Crane: “What does scripture say about the long-term view? I had a wonderful conversation with my father-in-law, and it was wonderful because I could relate to it and understand it. He’s far brighter than I am and he was being gentle in this lesson. He was saying, “Crane, you’ve got to look at the fact that we’re at a place right now where we either are going to plant and grow and harvest, or we’re going to eat the seed corn.” I thought that was an amazing way to put it, but tell me something when you hear that -- what does scripture say?”
Jerry: “Well, he’s right about that. That’s very Solomon, right? “You cast your bread upon the waters” weeping, but later on you’re able to harvest with joy. So, the biblical viewpoint is very much focused on a long-term view. The Bible frequently speaks in terms of generations, right? And it talks about wealth-creation and intergenerational enterprise. The proverbs are filled with things about not looking at the short-run, about not being a simpleton, not being a fool. You know, “He who loves wine and oil will not become rich.” And the focus on Scripture tends to be about wealth-creation that goes to your children and to your children’s children; The Ten Commandments mentions the blessings of God going to your children and to your children’s children. A very common word in Scripture is ‘generation’, the bible gives us a generational view. Q culture gives us a ‘one second the price is this’, ‘one second the price is that’, ‘next second the price is this’ [view]. Turn on any of the financial shows and you’re going to get Q culture. You’re going to get, “Here’s something that just happened,” and then it’s gone – it doesn’t matter anymore and, “Here’s another.” “A price just changed, and a price just changed.” That’s not a biblical way of looking at the world. The Bible causes us to look eternally but also, in terms of this earthly life, to have a long-term view. Esau is the great negative example of this; you remember Esau, Jacob and Esau? People should be familiar with that story – Esau sold his entire multigenerational birthright for a pot of lentil stew. That is the ultimate, in my opinion, biblical example of somebody with a short-term view. Jacob is the example of somebody with a long-term view. Jacob values the covenant, values the promises of God, and takes the long view. We’re supposed to be more like Jacob, who the Bible describes as an upright (or actually a just and perfect) man, and not like Esau, who’s almost more like an animal and who lives by his momentary impulses. This has tremendous implications for investors. Investors should not be caring about short-term price movements; investors ought to be looking at the state of the nation, business models, general macroeconomic trends, and not on minute variations in price.”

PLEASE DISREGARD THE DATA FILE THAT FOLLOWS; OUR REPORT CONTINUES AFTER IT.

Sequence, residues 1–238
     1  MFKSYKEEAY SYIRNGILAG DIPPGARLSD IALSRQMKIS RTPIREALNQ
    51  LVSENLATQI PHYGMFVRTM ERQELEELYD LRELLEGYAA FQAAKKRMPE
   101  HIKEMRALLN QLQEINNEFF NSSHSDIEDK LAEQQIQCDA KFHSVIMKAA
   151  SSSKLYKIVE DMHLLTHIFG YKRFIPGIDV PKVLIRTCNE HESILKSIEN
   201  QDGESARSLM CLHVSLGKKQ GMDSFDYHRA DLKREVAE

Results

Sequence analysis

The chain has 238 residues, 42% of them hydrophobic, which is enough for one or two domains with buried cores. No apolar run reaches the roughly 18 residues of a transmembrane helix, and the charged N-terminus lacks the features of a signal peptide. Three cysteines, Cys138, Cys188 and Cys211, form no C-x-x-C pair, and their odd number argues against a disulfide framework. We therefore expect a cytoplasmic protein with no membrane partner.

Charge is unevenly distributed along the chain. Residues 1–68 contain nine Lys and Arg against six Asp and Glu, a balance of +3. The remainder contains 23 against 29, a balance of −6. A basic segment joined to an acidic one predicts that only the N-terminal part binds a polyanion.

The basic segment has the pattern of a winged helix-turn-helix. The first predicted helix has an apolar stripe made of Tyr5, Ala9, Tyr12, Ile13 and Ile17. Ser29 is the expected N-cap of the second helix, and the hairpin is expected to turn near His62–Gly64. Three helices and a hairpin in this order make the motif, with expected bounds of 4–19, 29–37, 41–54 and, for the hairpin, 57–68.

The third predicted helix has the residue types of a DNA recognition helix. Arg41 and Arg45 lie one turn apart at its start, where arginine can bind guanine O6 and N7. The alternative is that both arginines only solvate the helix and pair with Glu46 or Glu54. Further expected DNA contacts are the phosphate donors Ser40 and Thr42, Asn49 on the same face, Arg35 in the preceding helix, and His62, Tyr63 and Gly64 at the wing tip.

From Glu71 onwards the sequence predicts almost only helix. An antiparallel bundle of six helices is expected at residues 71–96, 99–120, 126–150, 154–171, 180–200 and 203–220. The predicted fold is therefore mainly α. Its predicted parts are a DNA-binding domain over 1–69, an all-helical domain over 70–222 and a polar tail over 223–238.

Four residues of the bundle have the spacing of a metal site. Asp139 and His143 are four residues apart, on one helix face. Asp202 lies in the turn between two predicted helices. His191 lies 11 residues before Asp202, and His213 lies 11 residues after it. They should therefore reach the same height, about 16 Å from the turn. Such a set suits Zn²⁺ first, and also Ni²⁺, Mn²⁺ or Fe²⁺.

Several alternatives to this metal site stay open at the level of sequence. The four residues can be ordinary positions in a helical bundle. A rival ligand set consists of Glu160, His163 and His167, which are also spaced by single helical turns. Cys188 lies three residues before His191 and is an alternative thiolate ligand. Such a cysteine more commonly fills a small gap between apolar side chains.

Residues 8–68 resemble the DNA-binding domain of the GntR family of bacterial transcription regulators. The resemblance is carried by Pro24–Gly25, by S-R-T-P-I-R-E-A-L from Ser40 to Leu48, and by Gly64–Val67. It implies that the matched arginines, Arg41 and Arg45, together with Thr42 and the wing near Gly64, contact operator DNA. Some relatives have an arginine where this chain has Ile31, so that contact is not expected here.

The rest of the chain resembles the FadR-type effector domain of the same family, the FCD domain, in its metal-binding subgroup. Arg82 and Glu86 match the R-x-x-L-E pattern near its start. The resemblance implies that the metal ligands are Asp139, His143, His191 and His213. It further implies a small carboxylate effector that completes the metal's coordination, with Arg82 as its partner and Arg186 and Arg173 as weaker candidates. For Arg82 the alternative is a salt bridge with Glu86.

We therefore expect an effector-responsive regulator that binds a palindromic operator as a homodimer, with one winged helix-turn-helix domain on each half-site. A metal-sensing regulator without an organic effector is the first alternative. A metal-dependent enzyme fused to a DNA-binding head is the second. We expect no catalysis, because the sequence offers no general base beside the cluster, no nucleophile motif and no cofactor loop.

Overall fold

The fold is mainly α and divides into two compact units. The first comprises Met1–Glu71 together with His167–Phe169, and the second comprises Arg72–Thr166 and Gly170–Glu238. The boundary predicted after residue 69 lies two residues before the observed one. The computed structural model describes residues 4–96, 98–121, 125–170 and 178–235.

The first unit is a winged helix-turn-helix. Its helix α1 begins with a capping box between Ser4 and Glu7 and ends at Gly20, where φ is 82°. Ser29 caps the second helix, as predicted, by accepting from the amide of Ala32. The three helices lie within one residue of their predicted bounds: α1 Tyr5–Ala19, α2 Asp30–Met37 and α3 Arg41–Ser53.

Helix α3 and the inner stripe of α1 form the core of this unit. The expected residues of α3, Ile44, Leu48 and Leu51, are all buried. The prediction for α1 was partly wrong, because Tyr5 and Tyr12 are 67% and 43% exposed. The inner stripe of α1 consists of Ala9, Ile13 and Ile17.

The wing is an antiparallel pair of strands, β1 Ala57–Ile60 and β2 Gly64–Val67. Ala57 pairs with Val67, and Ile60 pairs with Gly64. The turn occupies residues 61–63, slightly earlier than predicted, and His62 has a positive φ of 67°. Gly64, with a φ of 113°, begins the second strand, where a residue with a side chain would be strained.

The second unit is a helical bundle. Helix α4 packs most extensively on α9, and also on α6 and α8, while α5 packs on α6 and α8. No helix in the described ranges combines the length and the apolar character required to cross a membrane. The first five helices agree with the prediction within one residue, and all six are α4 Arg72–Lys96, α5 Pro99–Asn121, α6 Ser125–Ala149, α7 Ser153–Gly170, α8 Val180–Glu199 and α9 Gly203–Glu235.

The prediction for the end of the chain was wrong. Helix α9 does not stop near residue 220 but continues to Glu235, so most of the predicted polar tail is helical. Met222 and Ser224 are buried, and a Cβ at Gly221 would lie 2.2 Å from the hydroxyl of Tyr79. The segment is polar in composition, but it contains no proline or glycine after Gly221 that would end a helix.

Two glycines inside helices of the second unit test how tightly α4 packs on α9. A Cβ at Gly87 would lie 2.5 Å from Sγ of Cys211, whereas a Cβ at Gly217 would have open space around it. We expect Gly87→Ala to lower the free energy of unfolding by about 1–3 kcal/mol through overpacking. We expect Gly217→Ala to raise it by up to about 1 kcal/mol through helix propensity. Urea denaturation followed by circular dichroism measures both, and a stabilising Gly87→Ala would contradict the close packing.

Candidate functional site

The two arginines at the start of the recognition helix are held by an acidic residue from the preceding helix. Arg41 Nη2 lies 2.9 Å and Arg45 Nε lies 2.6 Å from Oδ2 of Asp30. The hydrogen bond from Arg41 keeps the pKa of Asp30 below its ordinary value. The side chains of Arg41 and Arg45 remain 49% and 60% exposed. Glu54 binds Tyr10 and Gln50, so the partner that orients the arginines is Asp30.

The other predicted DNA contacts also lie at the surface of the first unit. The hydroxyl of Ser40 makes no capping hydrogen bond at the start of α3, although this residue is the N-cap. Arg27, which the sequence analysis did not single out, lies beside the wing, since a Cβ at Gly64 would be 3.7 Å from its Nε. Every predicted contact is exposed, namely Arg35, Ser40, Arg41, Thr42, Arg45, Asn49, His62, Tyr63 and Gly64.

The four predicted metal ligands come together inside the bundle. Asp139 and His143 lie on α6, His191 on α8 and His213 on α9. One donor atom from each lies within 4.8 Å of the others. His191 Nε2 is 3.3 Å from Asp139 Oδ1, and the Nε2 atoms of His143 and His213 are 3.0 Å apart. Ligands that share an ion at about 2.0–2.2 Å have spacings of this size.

Mr. Bowyer is the author of "The Free Market Capitalists Survival Guide," published by HarperCollins, and a Forbes contributor. The above article originally appeared on AffluentInvestor.com and can be found by clicking here.
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